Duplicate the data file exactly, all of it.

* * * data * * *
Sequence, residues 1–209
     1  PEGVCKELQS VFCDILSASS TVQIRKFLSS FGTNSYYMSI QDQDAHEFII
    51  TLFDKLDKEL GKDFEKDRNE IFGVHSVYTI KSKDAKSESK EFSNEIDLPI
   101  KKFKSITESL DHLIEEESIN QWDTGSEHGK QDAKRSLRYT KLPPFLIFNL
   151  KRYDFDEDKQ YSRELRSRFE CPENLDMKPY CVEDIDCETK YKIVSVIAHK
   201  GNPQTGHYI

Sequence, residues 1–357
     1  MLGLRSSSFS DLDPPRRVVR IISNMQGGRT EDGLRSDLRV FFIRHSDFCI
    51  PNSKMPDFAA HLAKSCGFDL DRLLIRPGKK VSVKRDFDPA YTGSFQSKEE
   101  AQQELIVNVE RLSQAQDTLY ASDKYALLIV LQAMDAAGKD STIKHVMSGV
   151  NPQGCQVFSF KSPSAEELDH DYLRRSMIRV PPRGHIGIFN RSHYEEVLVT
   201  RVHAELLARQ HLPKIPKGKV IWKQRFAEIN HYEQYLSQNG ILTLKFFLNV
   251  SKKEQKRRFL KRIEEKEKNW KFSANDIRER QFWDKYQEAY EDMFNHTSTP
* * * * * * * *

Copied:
Sequence, residues 1–209
     1  PEGVCKELQS VFCDILSASS TVQIRKFLSS FGTNSYYMSI QDQDAHEFII
    51  TLFDKLDKEL GKDFEKDRNE IFGVHSVYTI KSKDAKSESK EFSNEIDLPI
   101  KKFKSITESL DHLIEEESIN QWDTGSEHGK QDAKRSLRYT KLPPFLIFNL
   151  KRYDFDEDKQ YSRELRSRFE CPENLDMKPY CVEDIDCETK YKIVSVIAHK
   201  GNPQTGHYI

Sequence, residues 1–357
     1  MLGLRSSSFS DLDPPRRVVR IISNMQGGRT EDGLRSDLRV FFIRHSDFCI
    51  PNSKMPDFAA HLAKSCGFDL DRLLIRPGKK VSVKRDFDPA YTGSFQSKEE
   101  AQQELIVNVE RLSQAQDTLY ASDKYALLIV LQAMDAAGKD STIKHVMSGV
   151  NPQGCQVFSF KSPSAEELDH DYLRRSMIRV PPRGHIGIFN RSHYEEVLVT
   201  RVHAELLARQ HLPKIPKGKV IWKQRFAEIN HYEQYLSQNG ILTLKFFLNV
   251  SKKEQKRRFL KRIEEKEKNW KFSANDIRER QFWDKYQEAY EDMFNHTSTP